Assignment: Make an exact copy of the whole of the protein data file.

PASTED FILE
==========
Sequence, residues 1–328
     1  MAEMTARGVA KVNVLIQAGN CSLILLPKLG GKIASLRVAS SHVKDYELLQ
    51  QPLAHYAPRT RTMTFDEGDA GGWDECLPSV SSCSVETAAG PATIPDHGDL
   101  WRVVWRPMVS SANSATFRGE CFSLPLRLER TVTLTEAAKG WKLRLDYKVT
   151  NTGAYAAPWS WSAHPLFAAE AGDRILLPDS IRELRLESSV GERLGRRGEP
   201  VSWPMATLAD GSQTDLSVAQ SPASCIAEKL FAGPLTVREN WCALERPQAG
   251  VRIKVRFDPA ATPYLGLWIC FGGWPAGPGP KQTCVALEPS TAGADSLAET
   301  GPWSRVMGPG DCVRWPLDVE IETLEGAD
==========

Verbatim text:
Sequence, residues 1–328
     1  MAEMTARGVA KVNVLIQAGN CSLILLPKLG GKIASLRVAS SHVKDYELLQ
    51  QPLAHYAPRT RTMTFDEGDA GGWDECLPSV SSCSVETAAG PATIPDHGDL
   101  WRVVWRPMVS SANSATFRGE CFSLPLRLER TVTLTEAAKG WKLRLDYKVT
   151  NTGAYAAPWS WSAHPLFAAE AGDRILLPDS IRELRLESSV GERLGRRGEP
   201  VSWPMATLAD GSQTDLSVAQ SPASCIAEKL FAGPLTVREN WCALERPQAG
   251  VRIKVRFDPA ATPYLGLWIC FGGWPAGPGP KQTCVALEPS TAGADSLAET
   301  GPWSRVMGPG DCVRWPLDVE IETLEGAD